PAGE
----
• Sensitive to weather and power stability
    • Went live at ACS Spring 2007 in Chicago
  • 5. By June 2009…
    • By June 2009 > 6000 users/day initiating over 80,000 transactions per day
    • We had a significant following in the “internet Chemistry” community
    • We were linked to from many other sites – Wikipedia, other online databases, from commercial software packages
  • 6. How did we leverage the internet?
    • “ Leveraging the Internet to Advance your Position in the Market”
    • The internet IS our market – the website is self-leveraging if:
      • 1) It does what it says it does
      • 2) We can get people to the site to look
      • 3) We stay honest in our intentions
  • 7. That growth curve…
    • Very difficult to say why we saw growth: new resource, diverse data, focus on quality, all-inclusive approach to chemistry
    • And the spike?
  • 8. The Benefits of Blogging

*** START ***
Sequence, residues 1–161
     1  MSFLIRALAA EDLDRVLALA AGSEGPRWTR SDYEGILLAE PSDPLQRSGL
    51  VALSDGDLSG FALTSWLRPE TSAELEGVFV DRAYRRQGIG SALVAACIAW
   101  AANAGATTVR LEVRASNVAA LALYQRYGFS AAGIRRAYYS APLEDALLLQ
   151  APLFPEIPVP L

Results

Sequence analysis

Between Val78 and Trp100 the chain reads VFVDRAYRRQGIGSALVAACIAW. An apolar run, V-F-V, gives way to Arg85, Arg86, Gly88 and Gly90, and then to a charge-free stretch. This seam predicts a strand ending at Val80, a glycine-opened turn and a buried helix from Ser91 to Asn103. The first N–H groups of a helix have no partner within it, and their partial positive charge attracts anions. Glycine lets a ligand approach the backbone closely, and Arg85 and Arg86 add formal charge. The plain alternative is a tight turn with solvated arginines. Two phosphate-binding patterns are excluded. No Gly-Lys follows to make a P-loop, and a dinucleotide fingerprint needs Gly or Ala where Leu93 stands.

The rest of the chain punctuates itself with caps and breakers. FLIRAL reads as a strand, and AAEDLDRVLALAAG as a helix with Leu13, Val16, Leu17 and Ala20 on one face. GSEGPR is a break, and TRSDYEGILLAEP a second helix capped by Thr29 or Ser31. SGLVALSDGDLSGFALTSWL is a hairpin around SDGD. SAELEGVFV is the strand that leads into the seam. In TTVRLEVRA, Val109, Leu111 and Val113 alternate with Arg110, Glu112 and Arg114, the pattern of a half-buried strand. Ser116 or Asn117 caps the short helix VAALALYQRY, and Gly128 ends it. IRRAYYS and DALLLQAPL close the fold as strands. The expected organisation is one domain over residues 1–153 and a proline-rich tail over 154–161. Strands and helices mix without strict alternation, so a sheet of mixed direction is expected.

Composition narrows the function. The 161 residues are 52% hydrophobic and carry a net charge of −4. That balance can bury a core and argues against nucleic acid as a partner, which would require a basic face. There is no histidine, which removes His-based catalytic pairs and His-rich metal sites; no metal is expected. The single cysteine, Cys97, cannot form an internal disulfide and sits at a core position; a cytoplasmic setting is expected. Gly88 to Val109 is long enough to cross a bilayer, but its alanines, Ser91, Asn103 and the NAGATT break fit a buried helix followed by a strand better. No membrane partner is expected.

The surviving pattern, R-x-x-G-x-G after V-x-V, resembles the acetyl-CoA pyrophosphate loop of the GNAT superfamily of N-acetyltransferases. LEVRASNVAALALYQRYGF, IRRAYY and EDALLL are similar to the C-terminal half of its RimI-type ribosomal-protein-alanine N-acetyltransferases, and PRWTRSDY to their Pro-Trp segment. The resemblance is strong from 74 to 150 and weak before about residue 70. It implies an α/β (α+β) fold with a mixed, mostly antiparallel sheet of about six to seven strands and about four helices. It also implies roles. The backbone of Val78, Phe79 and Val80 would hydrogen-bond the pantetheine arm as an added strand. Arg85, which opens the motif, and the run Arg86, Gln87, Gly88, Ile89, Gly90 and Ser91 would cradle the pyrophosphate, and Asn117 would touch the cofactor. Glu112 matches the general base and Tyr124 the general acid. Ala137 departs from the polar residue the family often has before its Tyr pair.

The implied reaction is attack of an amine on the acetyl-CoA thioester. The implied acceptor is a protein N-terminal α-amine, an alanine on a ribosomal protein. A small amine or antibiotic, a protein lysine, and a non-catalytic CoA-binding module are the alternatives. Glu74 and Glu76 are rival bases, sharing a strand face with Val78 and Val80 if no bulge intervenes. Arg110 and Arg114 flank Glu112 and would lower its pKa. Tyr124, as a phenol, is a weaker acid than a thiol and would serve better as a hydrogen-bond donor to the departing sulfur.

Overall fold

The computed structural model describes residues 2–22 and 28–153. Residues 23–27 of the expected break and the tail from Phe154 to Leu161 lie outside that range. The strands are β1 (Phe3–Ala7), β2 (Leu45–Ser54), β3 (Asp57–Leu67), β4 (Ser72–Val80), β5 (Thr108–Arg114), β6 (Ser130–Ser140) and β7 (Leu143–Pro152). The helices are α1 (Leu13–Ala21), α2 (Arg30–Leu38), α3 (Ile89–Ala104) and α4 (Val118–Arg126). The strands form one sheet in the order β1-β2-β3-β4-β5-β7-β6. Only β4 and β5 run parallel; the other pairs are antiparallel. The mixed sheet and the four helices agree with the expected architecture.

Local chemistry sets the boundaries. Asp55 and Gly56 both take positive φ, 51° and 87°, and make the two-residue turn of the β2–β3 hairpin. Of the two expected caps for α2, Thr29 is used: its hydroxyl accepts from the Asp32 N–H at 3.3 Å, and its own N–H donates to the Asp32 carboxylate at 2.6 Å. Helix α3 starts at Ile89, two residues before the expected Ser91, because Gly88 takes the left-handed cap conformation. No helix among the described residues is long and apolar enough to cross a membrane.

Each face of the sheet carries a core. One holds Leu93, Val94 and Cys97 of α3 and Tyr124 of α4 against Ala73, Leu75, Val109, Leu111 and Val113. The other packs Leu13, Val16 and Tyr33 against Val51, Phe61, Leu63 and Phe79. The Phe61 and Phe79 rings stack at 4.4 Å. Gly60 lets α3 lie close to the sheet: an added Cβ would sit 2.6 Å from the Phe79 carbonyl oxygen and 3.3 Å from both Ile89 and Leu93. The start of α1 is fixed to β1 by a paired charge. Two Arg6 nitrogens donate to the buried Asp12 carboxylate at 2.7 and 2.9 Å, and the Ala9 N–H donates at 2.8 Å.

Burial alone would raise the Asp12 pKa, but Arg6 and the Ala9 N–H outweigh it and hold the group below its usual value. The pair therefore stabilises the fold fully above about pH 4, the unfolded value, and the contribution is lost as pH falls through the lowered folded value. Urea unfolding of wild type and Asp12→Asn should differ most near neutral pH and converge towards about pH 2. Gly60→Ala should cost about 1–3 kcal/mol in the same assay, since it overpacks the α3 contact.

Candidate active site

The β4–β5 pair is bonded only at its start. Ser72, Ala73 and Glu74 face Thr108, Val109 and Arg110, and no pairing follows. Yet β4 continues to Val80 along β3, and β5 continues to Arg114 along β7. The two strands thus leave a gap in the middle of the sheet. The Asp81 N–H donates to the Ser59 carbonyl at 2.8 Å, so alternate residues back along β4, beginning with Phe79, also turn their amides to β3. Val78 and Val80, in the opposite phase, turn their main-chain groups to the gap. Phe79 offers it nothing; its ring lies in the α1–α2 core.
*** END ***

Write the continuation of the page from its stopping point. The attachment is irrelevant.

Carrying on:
• Blogs allow passions, opinions, critiques, data and other “stuff” to be shared with the public
    • Blogs are a low cost way to “do good” as well as “cause harm” – anyone can blog
    • ChemSpider was a disruption to the status quo, at a very interesting time
  • 9. Interesting Time Point…
  • 10. PubChem as a domain darling
    • Internet chemistry advocates adored PubChem
    • Lots of questions regarding “why another PubChem” when ChemSpider came online
    • Our purpose was different…
    • Interesting comments in the blogosphere
  • 11. The Monkeys at ChemZoo
    • http://wwmm.ch.cam.ac.uk/blogs/murrayrust/?p=261
  • 12. Blogs Can Educate Us All…
    • What is logP versus logD?
    • Calcium carbonate IS soluble
  • 13. Partially Soluble isn’t Insoluble
    • When experts say it’s ok: http://www.chemspider.com/blog/calcium-carbonate-logp-predictions-and-chris-lipinski.html
  • 14. … and so into the Blogosphere
  • 15. Blogging
    • Gives a voice to your passions, intentions, advances, features and gathers feedback
    • Visible to your community – if you do work to connect with your community